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Step by Step Guide to ASSISTED Hatching
Last edited: 10/12/16
- Hatching Eggs And Raising ChicksLast edited: 12/10/15
I have one specific polish that I have owned for over five years now and she is still my favorite bird. She (and all of the other polish) will perch on my shoulder and will literally act like a pet...
My 8 White Leghorn pullets are the friendliest breed I have ever raised. And I have raised quite a few breeds, and some of my breeds include Silkies, EE's, Brahma's, Australorps, etc. But still, my...
I purchased the Premium Chickenguard controller box only about 4 months ago. The motor can handle 2.2lbs and my aluminum door only weight .8lb, which heavy enough to close the door. I purchased...
Very good breed. I have one Buff Brahma pullet named Annika. Like I said up there she's very sweet and gentle towards people butt gets bullied easily by my older hens but she's still a baby so...
Overall I'd say they're a very good breed. I have two Amber Whites named Jelly-Bean aka The Bean and Merlina. They are both very friendly and do very well with my younger brother and sister, they...
- Hatching Eggs And Raising Chicks
Texas - Page 3849
Another helpful hint for newly hatched chicks is vent inspection. If the umbilical cord is still attached for some reason don't pull on it. It will dry off and fall off on its own. If you do pull on it it is likely to kill the chick due to internal organ damage. However the vents should be inspected regularly to look for pasting. That is when fecal matter clogs the vent. A gentle cleaning with warm water alleviates this so the don't expire from the inability to excrete their own waste.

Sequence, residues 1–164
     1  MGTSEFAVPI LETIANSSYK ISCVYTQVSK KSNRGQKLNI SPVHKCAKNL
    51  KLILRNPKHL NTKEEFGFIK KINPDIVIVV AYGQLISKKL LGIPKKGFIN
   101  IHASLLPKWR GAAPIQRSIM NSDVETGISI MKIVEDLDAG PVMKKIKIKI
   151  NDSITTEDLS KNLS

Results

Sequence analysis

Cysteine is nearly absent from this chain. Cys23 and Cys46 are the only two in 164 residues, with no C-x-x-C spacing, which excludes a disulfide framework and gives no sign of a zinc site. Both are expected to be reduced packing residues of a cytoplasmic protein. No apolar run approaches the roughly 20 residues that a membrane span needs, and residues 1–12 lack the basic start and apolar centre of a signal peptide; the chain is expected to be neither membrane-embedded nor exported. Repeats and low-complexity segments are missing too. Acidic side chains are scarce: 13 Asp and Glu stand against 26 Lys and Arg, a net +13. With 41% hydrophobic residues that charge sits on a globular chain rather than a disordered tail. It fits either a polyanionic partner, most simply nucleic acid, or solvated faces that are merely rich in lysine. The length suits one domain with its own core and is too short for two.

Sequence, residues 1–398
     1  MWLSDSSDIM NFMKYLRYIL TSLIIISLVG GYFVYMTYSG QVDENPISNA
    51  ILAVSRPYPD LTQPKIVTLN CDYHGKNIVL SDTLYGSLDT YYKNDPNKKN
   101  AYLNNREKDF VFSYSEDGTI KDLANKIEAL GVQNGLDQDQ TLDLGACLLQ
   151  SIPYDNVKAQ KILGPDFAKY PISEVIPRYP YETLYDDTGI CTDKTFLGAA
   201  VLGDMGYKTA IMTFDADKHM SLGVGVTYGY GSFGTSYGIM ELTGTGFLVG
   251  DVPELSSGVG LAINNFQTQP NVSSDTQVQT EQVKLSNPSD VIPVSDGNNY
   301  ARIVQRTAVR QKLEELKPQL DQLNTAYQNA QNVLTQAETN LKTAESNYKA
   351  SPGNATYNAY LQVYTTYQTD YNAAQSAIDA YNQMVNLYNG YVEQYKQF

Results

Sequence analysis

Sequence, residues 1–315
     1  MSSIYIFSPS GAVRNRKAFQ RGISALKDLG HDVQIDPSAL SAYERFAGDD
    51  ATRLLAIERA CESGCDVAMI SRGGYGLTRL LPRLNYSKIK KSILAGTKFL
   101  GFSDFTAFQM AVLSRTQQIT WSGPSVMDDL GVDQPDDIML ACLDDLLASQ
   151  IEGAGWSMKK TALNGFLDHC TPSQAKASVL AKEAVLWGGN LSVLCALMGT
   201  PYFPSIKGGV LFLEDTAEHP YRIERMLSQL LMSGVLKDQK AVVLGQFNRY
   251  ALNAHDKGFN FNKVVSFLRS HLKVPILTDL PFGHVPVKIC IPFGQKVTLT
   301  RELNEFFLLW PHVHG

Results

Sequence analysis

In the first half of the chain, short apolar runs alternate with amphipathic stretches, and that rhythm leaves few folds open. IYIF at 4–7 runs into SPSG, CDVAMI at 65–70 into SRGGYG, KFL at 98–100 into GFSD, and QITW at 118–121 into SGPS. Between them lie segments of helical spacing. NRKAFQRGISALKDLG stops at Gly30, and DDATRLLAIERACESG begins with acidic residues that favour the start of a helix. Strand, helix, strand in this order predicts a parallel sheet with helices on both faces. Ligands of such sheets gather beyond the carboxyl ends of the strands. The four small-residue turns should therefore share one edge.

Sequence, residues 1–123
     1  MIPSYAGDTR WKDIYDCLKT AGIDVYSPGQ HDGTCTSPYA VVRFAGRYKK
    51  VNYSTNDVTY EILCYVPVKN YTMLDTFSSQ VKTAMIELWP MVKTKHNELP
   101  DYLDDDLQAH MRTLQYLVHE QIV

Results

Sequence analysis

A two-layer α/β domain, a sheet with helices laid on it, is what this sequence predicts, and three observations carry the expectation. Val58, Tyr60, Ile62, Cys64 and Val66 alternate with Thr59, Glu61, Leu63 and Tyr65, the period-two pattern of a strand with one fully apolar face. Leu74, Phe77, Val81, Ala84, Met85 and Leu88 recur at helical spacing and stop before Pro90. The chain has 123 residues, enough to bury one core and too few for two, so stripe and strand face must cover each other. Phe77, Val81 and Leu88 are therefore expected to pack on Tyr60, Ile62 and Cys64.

We rarely have pasty butt these days. Switching over to the radiant warming plates and broody hens made all the difference. Those bulb warmers just warm the ambient air too much and contribute to the pastiness.
I wouldn't go back to the bulb warmers unless I was desperate. The chicks get off heat so much faster - often within 2 weeks unless the temps are still in the 30s when we've got chicks. The warming plates mimic a broody hen and let them run underneath it when they need a warm up. And there's less risk of fire. Have a friend that lost chickens, goats, and a barn from a heat lamp fire - not pretty.
When you integrate do you do the separate but able to see and become accustom to one another or do you put them all together in a large run and let them be silly with one another? I have always done the get introduced first but met someone recently that has a really large run and he just puts his new birds (once they are big enough) in with the older ones early in the day and they do their posturing and ruffling of feathers and by time to go in for the night it has all calmed down.
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